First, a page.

New technologies have transformed the way many industries operate, including higher education. Combined with an unpredictable economy where employment is often impermanent and industries are volatile, we have seen an increasing cohort of students seeking to reskill to ensure employment or to capitalise on emerging opportunities as industries change. This paper explores Charles Sturt University’s Bachelor of Creative Arts and Design (Graphic Design) online course as a means for retraining in the graphic design discipline for mature-age students who often balance their studies with competing demands including family and work responsibilities. Access to online education provides a flexible avenue for these students to explore new directions in their careers, convert TAFE qualifications into degrees, turn art and design passion into profit, or convert the wealth of knowledge they have gained from different jobs into a career in the graphic design industry. Many of our students already work in and around the creative industries and are able to take advantage of this immersive workplace learning experience, often outstripping many internal students’ learning outcomes.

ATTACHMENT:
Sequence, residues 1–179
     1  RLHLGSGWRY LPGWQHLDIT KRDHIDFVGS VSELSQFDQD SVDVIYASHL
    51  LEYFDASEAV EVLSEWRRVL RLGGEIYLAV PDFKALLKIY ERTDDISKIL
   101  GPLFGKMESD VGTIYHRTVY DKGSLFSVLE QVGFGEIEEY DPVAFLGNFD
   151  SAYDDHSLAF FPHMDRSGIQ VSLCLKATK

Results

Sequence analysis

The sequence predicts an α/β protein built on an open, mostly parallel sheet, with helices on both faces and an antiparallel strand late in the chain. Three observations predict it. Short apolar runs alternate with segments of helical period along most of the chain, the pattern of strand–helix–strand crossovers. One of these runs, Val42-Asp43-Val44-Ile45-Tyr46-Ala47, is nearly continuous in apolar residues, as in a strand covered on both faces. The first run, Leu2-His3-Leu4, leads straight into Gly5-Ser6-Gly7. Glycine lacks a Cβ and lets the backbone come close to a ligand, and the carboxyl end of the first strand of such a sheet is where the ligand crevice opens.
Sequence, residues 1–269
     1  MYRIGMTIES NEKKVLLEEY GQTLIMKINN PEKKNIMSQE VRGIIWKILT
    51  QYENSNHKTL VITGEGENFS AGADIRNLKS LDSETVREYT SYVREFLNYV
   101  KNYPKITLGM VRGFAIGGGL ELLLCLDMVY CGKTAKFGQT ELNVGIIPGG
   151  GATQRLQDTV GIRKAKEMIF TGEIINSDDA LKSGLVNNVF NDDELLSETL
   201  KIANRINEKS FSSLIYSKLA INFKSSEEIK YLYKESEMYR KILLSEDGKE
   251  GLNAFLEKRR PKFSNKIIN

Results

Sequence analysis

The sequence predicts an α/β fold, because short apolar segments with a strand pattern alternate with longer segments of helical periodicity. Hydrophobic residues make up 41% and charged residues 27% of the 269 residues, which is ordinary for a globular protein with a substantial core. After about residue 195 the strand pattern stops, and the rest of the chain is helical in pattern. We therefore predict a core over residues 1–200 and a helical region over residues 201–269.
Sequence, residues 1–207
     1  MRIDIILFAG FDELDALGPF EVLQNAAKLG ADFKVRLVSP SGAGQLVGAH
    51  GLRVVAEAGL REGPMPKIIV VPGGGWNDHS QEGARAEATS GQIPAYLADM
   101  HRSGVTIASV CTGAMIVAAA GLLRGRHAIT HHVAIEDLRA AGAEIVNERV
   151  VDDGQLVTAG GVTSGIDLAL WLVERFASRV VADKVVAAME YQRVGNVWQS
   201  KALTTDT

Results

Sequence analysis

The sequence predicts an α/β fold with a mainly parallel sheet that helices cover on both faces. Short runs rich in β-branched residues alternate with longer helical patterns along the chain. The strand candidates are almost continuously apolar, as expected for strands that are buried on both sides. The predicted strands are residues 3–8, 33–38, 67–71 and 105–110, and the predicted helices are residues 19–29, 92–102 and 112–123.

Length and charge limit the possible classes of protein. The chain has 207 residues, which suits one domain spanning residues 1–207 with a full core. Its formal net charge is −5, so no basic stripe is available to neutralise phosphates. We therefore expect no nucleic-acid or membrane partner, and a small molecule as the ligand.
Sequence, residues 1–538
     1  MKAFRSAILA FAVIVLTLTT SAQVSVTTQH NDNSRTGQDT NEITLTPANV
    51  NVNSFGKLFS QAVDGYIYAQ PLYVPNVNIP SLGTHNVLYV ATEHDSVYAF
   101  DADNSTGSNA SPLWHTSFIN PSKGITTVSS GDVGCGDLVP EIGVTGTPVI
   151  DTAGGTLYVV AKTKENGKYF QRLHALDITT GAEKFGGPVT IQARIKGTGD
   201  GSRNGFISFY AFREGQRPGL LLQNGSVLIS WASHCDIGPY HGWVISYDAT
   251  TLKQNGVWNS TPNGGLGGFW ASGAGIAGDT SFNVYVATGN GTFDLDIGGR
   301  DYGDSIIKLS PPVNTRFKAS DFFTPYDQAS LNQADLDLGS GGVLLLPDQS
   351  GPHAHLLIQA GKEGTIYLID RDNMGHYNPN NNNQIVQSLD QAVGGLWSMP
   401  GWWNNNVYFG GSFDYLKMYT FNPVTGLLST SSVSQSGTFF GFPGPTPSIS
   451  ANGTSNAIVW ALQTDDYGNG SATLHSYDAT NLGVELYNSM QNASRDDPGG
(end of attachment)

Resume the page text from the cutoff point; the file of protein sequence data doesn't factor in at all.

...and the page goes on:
While the affordances of new technologies have allowed us to open up design education to a much larger, more geographically diverse demographic, online education is not without its challenges and problems. This paper explores the successes, failures and challenges we have encountered as graphic design educators in the online space, and provides insight into the ways students engage (or disengage) with the online studio. We are particularly interested in the engagement of mature-age students who are undertaking the course for retraining purposes. This cohort will be the primary focus of the paper.